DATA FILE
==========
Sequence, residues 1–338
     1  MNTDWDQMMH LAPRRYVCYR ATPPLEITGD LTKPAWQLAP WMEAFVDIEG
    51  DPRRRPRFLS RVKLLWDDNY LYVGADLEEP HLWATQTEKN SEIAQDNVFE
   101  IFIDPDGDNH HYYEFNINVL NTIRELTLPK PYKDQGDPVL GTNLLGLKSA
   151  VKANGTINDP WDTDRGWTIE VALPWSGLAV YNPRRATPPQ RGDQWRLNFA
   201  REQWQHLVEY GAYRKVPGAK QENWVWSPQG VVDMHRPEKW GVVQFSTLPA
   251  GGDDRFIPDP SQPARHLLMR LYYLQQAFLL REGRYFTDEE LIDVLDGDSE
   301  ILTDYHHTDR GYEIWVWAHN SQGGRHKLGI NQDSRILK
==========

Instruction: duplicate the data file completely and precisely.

Sequence, residues 1–338
     1  MNTDWDQMMH LAPRRYVCYR ATPPLEITGD LTKPAWQLAP WMEAFVDIEG
    51  DPRRRPRFLS RVKLLWDDNY LYVGADLEEP HLWATQTEKN SEIAQDNVFE
   101  IFIDPDGDNH HYYEFNINVL NTIRELTLPK PYKDQGDPVL GTNLLGLKSA
   151  VKANGTINDP WDTDRGWTIE VALPWSGLAV YNPRRATPPQ RGDQWRLNFA
   201  REQWQHLVEY GAYRKVPGAK QENWVWSPQG VVDMHRPEKW GVVQFSTLPA
   251  GGDDRFIPDP SQPARHLLMR LYYLQQAFLL REGRYFTDEE LIDVLDGDSE
   301  ILTDYHHTDR GYEIWVWAHN SQGGRHKLGI NQDSRILK